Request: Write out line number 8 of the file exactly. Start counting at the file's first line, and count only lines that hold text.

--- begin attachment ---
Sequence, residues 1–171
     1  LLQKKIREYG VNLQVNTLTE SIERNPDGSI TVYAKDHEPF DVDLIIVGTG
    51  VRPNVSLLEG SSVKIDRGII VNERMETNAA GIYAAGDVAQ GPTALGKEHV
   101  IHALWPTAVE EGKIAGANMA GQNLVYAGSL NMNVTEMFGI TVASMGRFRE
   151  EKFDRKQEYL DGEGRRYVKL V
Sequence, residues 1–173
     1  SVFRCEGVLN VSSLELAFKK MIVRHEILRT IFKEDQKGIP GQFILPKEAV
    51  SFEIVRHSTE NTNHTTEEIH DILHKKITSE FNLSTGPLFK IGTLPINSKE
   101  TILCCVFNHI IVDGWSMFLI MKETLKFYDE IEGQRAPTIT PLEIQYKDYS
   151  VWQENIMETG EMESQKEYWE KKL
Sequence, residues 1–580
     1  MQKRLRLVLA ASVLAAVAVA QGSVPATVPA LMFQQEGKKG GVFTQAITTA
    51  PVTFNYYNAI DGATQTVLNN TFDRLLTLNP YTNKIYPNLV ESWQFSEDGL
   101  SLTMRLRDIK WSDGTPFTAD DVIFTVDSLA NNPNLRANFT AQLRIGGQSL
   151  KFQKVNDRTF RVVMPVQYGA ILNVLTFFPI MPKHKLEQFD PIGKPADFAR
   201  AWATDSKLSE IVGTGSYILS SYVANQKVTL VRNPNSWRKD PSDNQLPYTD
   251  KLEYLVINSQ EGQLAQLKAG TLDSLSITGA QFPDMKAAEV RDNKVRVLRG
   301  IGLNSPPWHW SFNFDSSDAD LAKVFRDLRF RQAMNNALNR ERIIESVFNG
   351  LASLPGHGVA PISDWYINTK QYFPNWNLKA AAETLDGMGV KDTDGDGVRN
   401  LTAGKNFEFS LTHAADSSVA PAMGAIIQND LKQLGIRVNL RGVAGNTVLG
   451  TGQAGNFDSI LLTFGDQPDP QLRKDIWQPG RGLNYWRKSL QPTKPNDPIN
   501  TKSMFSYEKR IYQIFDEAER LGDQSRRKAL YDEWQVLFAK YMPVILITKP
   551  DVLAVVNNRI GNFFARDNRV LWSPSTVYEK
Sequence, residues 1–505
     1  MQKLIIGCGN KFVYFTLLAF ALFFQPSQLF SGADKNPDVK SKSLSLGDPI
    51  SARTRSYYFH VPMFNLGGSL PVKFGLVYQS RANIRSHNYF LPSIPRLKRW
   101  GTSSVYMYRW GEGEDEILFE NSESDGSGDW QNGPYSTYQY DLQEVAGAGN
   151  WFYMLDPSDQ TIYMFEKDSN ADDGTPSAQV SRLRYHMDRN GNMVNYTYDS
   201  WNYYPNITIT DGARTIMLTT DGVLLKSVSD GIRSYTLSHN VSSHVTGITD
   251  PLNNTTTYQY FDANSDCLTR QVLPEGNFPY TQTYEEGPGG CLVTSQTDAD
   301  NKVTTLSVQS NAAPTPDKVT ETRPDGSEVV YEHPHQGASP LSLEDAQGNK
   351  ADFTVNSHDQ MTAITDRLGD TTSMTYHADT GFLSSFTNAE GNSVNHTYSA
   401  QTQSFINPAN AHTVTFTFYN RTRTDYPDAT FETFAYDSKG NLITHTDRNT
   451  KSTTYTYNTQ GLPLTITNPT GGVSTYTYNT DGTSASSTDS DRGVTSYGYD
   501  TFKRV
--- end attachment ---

    51  SFEIVRHSTE NTNHTTEEIH DILHKKITSE FNLSTGPLFK IGTLPINSKE